One day I distinctly remember during “The Keller Years” was marked by Keller and my taking a typical noon break by walking through three buildings via skywalks and then going outside.  As we were walking on the skywalk from the Continuing Education Building to the Old Main Building in the bright light of the windows of the skywalk, someone stopped to tell me, “Your guide dog always looks so happy when she is working.”  I thoroughly appreciated hearing this comment, but I knew that Keller was completely devoted to her work and especially loved her guide work.  I was extraordinarily lucky to receive such a guide dog as my first Leader Dog.  She was beside me when I, at Leader Dog School, returned a phone call and learned that I received a fellowship grant to earn a second master’s degree at Western Michigan University.  Keller was beside me when we learned the campus of Western Michigan University and attended classes and events.  My first Leader Dog was beside me when we learned our new home area in Milwaukee and the campus of my new workplace at Milwaukee Area Technical College.  My new Golden was beside me as my life blossomed into a new career and new experiences.  Together, we learned so very much.

 

As I write just a few notes about Keller, I realize that “The Keller Years” would need to comprise a few or several chapters–not just one.  If she were still here beside me, I would have her sit and tell her “Wave.”  Her right paw would be immediately up and repeatedly stretching out in a wave to you and/or to your pet dog or guide dog.  At Leader Dog School, she was dubbed “the Stellar Keller”; and her light has shined upon me with my second, third, and now fourth Leader Dogs.

 

 

March on to a Happy Spring!

Alice and Willow, my fourth Leader Dog

 

March 22, 2017, Wednesday

 

Remembering Leader Dog Zoe

 

Remembering, with Love and Honor, Leader Dog Zoe

 

(April 23, 2007-March 16, 2016)

 

by Alice Jane-Marie Massa

 

 

If I were a sculptor,

I would have chiseled

into a block of marble

a lasting monument

to you and your beautiful ways.

 

If I were a painter of canvas,

I would have re-created

your portrait as you always sat

in your princes, posture-perfect pose.

 

If I were a skilled photographer,

I would have captured your likeness–

mid-stride, your harness up,

your head held high and proud

to be in the lead.

 

If I were a painter

with water colors …

oh, but I have painted you

a thousand times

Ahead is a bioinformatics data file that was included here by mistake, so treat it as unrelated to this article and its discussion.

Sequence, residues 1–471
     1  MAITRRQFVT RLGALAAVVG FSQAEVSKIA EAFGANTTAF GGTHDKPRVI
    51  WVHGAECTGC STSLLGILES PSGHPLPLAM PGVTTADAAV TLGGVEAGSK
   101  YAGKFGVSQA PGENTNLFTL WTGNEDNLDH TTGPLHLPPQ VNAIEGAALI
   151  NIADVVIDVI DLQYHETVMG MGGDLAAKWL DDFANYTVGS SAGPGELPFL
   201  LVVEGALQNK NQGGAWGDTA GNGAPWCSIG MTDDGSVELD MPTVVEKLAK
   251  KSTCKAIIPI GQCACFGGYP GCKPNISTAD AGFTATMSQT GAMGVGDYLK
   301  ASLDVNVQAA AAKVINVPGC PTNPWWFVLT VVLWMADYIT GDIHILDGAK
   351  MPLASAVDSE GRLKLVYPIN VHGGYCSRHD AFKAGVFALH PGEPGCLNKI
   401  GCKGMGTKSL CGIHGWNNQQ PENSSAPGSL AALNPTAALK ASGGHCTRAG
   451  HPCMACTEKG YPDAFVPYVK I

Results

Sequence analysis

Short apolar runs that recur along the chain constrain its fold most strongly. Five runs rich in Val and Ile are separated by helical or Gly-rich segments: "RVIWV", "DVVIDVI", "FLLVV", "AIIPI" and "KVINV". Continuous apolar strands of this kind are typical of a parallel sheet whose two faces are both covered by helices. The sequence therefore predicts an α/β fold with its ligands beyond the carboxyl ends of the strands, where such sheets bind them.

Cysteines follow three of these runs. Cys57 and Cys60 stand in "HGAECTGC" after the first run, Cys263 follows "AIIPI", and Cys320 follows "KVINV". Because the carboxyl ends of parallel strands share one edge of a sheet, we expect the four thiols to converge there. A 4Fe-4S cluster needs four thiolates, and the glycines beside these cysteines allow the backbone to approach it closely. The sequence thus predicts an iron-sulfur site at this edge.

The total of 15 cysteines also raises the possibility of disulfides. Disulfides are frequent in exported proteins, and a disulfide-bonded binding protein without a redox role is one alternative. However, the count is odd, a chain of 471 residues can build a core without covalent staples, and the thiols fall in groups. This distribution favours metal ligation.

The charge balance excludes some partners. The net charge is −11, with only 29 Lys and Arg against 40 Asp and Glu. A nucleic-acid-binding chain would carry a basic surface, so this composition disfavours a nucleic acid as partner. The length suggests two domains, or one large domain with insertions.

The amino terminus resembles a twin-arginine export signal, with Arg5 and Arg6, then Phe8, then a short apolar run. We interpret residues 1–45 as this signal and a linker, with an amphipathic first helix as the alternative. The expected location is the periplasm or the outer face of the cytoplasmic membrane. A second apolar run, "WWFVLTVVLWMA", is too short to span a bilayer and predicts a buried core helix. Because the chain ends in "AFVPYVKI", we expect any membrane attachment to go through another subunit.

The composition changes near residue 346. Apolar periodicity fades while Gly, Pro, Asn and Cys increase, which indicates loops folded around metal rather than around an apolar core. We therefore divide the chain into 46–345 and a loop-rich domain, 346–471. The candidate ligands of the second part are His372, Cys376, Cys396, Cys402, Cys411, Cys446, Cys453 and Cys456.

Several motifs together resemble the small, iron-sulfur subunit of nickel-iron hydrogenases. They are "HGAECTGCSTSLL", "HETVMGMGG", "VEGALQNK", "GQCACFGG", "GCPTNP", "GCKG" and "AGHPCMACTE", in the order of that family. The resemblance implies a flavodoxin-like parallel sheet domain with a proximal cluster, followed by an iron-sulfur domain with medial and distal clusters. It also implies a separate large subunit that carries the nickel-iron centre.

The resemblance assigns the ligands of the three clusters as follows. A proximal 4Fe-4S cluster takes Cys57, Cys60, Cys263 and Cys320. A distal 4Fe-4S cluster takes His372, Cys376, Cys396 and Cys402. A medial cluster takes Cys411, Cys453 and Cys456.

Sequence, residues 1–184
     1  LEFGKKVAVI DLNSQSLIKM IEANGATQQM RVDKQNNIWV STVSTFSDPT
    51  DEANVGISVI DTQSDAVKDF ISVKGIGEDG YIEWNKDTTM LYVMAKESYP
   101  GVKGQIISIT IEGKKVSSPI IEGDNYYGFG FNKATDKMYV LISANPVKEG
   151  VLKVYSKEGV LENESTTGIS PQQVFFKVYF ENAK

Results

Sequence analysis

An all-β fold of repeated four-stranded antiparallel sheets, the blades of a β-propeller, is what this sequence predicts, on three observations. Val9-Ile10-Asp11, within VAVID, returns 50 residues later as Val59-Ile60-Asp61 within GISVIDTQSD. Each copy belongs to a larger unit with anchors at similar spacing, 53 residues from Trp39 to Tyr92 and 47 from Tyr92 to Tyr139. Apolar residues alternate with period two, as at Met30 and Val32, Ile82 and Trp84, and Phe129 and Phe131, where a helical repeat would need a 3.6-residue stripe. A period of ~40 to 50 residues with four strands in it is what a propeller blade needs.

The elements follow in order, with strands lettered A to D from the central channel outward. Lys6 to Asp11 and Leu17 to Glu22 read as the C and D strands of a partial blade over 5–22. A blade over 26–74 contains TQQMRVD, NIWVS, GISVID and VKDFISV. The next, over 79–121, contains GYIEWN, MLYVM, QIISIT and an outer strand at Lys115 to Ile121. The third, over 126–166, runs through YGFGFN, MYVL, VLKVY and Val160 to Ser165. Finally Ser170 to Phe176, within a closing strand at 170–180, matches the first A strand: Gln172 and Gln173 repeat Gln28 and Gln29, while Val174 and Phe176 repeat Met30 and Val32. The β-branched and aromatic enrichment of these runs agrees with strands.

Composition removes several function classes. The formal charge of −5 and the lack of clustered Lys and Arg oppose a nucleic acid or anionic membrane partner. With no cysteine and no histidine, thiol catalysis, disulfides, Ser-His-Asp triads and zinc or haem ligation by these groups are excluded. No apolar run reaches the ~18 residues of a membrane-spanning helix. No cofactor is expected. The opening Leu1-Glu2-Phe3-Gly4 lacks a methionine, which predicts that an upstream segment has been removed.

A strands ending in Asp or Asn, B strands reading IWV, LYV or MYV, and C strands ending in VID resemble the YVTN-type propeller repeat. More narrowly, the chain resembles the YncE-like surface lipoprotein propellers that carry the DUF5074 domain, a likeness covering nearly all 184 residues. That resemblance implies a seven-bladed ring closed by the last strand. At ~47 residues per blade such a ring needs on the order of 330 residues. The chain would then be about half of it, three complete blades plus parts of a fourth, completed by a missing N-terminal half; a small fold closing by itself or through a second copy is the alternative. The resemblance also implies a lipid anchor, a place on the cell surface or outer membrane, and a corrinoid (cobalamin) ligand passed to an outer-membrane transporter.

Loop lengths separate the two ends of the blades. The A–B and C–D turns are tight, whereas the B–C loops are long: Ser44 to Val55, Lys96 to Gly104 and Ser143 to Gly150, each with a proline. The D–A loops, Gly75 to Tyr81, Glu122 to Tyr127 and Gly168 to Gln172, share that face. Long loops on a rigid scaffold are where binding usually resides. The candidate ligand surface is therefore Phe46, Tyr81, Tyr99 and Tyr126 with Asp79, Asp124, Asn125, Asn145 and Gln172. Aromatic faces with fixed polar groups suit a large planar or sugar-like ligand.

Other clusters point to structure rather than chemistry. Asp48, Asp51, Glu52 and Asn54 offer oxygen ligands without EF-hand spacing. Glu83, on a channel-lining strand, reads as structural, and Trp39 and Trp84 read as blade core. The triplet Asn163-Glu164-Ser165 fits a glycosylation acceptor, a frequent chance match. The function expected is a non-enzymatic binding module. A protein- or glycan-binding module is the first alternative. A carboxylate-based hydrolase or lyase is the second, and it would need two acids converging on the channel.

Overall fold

with water-color tears–

pictures developed only in my mind:

the painful hours and moments of your unexpected final day,

the precious and blessed years

that you

generously and lovingly

shared with me.

 

Since I am not an artist,

I have crafted only words for you

during this past measured year,

these last twelve months,

these fleeting fifty-two weeks,

these recent 365 days–

without you

at my lead

or beside me.

 

To give tribute

to your greatness,

I could only dedicate

a small book to you,

dedicate this blog to you,

remember you

and thank you

at the highest altitude

of gratitude,

tonight and always.

 

 

In loving memory of my third Leader Dog, Zoe,

who passed away one year ago

at 5:00 p.m., Wednesday, March 16, 2016,

at our home in Milwaukee–

Alice and Willow, my fourth Leader Dog

 

March 15, 2017, Wednesday

 

A Pi Poem to Treasure Crocheted Afghans

 

A Pi Poem to Treasure Crocheted Afghans

 

by Alice Jane-Marie Massa

 

 

Hands that held

small,

plain crochet hooks,

as

if artist’s brushes,

turned strands of yarn into canvases

of warmth,

of love gifted to all

who received afghans

crafted by

Mother, Aunt Zita,

and–of course, the most prolific–

my paternal grandmother (Liza).

 

rippled, shell, or granny square

were patterns they crocheted in colors

to match taste,

decor,

occasion

for the lucky recipient.

 

Covered with warmth

of the wool, granny-square

afghan,

I thought of my mother

who still gives me

her caring,

her wisdom,

her amazing inspiration

for this poem.

 

This week,

my sister sent to the twins

two small afghans made by our mother

so that a brand new

generation can feel the warmth from the past

and learn

to smile, wrapped in hand-crocheted love.